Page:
FREMONT -- The planned Irvington district BART station suffered yet another setback this week even as the City Council unanimously voted to continue funding the station and other redevelopment projects.
Fremont on Tuesday became one of the first cities in the state to retain its redevelopment agency, by agreeing to return millions in agency funds to the state.
City leaders originally thought that would set the stage for its redevelopment agency to issue $140 million in bonds in September to build the BART station by 2015.
However, leading law firms that represent bond underwriters warned Tuesday that the legal uncertainty hanging over state redevelopment made the bonds risky investments -- effectively closing the market temporarily for new redevelopment bond offerings throughout the state.
"It's very disturbing, just to be held hostage," Councilwoman Sue Chan said. "It's beyond description."
Redevelopment is a key tool for cities and counties to fight blight, but the system had proved costly to the state, which has been making up the difference that school districts lost to redevelopment agencies.
To help balance the state budget, lawmakers last month eliminated redevelopment, but gave jurisdictions the opportunity to reconstitute their redevelopment agencies if they sent more property tax revenue back to the state.
Complicating matters for Fremont is that the California Redevelopment Association is preparing to
Attorneys for the major bond underwriters fear that the courts could uphold the state action eliminating redevelopment agencies but rule the law that allows jurisdictions to reconstitute them in return for surrendering more funds to the state unconstitutional, city officials said.
For now, the major bond attorneys are refusing to offer opinions that redevelopment agencies are legally permitted to issue municipal bonds, and without such opinions, investors won't buy the bonds, city officials said.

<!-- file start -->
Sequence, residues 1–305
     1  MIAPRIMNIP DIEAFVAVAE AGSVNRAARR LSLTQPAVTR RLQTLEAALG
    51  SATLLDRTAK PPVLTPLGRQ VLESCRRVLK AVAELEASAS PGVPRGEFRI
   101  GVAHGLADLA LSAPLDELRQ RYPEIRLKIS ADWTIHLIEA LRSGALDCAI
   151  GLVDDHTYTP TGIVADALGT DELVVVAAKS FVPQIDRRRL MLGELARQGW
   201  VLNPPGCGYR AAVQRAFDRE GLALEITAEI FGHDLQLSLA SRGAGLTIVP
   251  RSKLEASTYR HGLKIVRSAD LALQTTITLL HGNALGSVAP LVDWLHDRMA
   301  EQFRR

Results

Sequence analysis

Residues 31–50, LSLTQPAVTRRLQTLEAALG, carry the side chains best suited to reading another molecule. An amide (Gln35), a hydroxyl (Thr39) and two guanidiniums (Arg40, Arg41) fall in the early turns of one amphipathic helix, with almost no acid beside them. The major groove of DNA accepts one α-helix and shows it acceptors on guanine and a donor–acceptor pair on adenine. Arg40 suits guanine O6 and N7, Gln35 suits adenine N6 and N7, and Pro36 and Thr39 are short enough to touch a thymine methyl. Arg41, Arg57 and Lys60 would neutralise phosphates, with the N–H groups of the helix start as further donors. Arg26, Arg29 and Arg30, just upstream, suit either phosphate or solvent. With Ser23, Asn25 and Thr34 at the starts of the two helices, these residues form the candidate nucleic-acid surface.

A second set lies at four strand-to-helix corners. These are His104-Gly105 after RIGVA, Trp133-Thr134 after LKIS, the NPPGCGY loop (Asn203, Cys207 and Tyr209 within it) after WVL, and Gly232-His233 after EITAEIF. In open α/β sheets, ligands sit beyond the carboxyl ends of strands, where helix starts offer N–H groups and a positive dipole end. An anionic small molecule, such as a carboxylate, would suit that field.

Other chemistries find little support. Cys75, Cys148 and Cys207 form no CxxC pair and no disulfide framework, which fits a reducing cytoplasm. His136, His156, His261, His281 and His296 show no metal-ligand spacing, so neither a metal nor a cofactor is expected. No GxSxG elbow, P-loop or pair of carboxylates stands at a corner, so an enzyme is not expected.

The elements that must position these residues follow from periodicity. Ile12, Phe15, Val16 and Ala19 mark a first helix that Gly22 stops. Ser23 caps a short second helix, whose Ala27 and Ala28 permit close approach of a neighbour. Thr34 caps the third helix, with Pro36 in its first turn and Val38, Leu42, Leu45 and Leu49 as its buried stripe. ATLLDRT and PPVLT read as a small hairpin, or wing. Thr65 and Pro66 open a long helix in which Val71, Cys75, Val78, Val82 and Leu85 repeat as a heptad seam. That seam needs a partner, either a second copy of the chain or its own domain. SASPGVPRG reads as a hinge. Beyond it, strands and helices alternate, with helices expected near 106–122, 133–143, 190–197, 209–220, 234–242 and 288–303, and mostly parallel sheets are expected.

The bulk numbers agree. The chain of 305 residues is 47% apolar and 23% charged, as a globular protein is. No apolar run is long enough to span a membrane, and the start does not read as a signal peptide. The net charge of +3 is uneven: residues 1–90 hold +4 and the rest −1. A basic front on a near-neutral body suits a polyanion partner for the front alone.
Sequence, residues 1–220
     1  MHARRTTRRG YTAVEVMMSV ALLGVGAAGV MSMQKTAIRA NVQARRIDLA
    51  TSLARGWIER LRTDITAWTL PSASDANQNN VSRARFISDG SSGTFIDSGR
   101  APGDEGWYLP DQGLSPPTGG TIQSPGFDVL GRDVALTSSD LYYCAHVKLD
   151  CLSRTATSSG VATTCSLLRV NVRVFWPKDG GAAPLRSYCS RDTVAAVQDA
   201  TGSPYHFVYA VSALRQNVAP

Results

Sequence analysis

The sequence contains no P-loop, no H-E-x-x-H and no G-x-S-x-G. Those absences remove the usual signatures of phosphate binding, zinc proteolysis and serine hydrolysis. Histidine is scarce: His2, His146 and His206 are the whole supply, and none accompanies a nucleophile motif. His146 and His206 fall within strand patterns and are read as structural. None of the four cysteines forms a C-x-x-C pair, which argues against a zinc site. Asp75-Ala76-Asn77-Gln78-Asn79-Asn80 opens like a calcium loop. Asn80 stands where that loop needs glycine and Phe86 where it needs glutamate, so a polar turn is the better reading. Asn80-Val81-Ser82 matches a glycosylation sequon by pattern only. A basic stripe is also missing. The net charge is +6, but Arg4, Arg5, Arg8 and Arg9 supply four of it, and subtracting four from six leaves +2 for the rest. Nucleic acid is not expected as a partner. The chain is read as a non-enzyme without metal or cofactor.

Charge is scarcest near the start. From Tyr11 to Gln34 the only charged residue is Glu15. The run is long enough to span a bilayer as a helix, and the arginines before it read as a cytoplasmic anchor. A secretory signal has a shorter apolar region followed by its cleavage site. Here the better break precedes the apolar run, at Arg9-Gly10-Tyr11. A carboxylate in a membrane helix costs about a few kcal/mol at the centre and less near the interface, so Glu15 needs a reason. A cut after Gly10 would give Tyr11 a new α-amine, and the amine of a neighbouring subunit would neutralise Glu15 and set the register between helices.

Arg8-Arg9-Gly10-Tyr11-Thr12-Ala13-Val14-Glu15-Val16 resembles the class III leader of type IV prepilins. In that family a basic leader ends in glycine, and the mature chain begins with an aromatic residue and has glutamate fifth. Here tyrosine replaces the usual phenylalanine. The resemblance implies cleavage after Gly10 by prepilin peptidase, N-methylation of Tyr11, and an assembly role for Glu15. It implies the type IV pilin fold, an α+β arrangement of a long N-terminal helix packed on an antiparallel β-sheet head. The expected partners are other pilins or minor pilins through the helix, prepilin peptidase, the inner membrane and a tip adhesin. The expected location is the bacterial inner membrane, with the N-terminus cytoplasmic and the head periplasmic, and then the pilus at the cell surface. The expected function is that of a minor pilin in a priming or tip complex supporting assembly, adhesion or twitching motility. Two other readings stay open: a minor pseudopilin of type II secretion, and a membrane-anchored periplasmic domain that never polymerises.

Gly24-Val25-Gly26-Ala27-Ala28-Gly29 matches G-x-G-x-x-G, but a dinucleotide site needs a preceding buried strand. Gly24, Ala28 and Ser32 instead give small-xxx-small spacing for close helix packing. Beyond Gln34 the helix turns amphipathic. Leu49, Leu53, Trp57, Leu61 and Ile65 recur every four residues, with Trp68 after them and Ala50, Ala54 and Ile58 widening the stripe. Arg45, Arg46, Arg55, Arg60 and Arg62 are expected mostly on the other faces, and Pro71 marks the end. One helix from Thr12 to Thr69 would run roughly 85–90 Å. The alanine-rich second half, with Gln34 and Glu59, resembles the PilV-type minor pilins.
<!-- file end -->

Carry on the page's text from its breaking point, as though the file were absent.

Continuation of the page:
Fremont -- and other cities hoping to issue redevelopment bonds -- now may have to wait for a resolution to the lawsuit, which has yet to be filed, or hope that a court will issue an injunction allowing the bond sales to proceed. The redevelopment group is planning to ask the state Supreme Court to rule directly on the case to get a swift decision, city officials said.
It is the third time this year that uncertainty over redevelopment forced the city to halt issuance of the bonds for the BART station, which city leaders hope will spur development in the Irvington district.
"It's just amazing every hurdle they put in front of us," Councilman Bill Harrison said. "But I have a feeling we're going to get it done somehow."
Cities have until Nov. 1 to decide if they will choose to continue operating their redevelopment agencies. Hayward is still analyzing whether it will choose to keep its agency, and will likely bring the issue to the City Council later this month, assistant city manager Kelly Morariu said.
Union City will likely wait until October before making its decision, said Rich Digre, the director of administrative services.
Contact Matthew Artz at 510-353-700. For more Fremont news go to IBAbuzz.com/tricitybeat.
The bonds problem
WHAT HAPPENED: Tuesday the Fremont City Council voted to retain its redevelopment agency, but it may not clear the way to sell
$140 million in bonds.
WHAT IT MEANS: The city has agreed to give the state millions in agency funds. A court challenge to the state's program, however, could hold up the bonds for a BART station designed to spur development in the Irvington district.